For professionals, college is often viewed as the most formidable part of any career. As the morning dew turns to frost and leaves begin to change, fall semester is already in full swing. Registering for class, buying books and taking exams can be daunting, and mortuary school is no different. As a required prerequisite for licensure by the overwhelming majority of states, the education is intense, impactful and challenging. Relationships are initially introduced with formal roles, clearly defined as instructor and student but, by the end, have evolved into close friendships among colleagues that last a lifetime.
When Southern Calls first announced that longtime Gupton-Jones College President Dan Buchanan would be featured, the news went viral across social media. An outpouring of solidarity and support for the former educator was almost instantaneous. The flood of comments was overwhelming, an obvious testament to his widespread respect and admiration, and how he has served as a devoted and loyal mentor to countless funeral directors. Buchanan’s reputation precedes him, while his wisdom reaches far beyond the classroom.
Born in Burlington, North Carolina, Buchanan remembers that his curiosity about funeral service began in elementary school. His father, The Rev. Ralph L. Buchanan, was a Presbyterian minister.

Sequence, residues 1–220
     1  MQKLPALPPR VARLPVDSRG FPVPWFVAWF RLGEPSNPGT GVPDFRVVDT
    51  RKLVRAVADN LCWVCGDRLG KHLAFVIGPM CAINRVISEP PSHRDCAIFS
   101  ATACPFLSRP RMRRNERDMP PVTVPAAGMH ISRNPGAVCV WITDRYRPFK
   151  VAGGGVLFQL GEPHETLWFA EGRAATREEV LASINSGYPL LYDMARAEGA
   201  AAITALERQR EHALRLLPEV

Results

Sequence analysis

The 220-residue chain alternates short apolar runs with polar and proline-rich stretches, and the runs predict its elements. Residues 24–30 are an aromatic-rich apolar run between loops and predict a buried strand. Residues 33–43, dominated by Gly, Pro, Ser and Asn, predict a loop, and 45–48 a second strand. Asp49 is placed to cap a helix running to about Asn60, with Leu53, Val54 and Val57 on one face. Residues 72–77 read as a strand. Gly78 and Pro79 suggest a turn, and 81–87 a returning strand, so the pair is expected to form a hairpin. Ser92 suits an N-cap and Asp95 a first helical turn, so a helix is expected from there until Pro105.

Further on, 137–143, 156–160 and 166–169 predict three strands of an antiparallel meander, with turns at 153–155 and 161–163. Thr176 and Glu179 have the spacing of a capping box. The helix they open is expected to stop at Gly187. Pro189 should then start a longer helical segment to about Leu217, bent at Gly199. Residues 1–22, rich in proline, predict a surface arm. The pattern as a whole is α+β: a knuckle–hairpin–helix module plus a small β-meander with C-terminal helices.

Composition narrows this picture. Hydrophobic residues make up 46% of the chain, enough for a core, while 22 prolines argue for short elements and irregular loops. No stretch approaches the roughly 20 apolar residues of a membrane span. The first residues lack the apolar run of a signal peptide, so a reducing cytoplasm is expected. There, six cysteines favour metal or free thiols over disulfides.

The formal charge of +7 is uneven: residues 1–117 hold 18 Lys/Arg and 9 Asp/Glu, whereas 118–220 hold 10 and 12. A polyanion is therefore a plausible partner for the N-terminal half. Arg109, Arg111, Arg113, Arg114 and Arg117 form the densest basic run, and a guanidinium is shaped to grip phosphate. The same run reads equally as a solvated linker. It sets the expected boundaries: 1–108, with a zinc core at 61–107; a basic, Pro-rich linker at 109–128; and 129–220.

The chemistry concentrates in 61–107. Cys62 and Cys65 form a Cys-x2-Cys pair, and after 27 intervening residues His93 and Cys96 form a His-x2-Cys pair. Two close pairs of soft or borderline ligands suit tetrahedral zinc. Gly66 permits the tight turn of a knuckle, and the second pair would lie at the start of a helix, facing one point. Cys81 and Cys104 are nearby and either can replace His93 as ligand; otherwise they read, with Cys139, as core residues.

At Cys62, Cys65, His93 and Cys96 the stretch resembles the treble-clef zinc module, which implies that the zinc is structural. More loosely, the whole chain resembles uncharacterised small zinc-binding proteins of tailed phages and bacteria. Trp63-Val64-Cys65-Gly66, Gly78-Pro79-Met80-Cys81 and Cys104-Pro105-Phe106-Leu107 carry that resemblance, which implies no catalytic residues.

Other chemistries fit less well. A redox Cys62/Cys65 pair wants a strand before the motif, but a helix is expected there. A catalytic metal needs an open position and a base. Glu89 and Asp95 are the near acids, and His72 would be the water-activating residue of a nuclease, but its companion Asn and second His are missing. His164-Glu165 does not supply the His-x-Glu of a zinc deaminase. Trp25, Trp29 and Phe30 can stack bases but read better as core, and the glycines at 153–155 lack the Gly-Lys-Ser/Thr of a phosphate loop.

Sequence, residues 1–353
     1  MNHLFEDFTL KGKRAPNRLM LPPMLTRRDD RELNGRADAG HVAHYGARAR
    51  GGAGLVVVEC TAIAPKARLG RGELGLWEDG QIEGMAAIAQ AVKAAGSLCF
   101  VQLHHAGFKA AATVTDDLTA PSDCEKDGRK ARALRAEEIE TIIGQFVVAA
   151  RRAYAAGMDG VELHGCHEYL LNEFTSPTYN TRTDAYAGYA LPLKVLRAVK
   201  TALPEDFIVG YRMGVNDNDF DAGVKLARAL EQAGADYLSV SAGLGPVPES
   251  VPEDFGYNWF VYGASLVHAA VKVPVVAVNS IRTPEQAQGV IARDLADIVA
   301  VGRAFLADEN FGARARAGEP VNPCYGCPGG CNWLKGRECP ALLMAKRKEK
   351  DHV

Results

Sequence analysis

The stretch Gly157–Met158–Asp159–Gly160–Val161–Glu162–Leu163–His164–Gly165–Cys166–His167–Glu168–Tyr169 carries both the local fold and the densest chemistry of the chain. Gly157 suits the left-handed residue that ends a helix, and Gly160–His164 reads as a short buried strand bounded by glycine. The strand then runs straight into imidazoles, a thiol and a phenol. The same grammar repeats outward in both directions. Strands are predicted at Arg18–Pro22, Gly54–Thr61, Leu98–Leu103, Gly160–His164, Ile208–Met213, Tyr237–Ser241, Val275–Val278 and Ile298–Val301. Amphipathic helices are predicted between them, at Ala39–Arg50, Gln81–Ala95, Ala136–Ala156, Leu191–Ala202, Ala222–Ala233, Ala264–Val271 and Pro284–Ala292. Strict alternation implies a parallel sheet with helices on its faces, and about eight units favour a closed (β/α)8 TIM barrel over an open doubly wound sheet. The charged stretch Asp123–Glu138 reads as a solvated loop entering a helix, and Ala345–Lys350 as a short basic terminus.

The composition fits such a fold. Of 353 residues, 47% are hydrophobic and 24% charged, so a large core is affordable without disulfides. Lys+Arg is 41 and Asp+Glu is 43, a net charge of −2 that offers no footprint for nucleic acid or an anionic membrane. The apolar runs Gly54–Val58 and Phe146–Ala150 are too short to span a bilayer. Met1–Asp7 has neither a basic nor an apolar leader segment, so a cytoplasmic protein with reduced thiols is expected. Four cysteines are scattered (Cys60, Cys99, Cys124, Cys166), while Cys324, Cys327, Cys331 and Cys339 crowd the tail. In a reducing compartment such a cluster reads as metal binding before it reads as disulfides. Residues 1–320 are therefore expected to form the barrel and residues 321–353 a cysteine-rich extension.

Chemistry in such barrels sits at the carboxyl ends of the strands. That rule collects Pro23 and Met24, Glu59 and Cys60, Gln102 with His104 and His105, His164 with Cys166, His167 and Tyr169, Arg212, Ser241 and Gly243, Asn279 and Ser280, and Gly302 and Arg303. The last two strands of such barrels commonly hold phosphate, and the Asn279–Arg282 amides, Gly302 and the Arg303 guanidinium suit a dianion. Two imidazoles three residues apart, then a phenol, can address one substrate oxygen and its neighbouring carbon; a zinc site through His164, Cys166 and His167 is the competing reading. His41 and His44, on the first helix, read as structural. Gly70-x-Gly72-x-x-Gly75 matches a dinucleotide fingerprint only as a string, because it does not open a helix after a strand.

“Churches were the cultural and political centers of the community during this time, and my dad was serving a relatively large congregation at Hawfields Presbyterian Church, which was attended by many prominent local politicians,” said Buchanan
In 1958, former North Carolina Gov. Kerr Scott died while serving in Washington as a US Senator representing the state.
“I took the day off from school to attend his funeral, which was held at the church and attended by Richard Nixon, who was then serving as vice president, as well as other senators and politicians from around the country,” Buchanan remembered.
After the service, Scott was buried in the church cemetery.
“The whole funeral was impressive, and I was particularly interested in how the funeral directors conducted and carried themselves. I was intrigued and knew there was something about those people, but I wasn’t sure exactly what they did,” described Buchanan, recalling the first time he made his career goal known publicly.
“When my third grade teacher was asking our class what we wanted to be when we grew up, I announced my intention to become a funeral director,” he proclaimed.
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Southern Calls Issue 22
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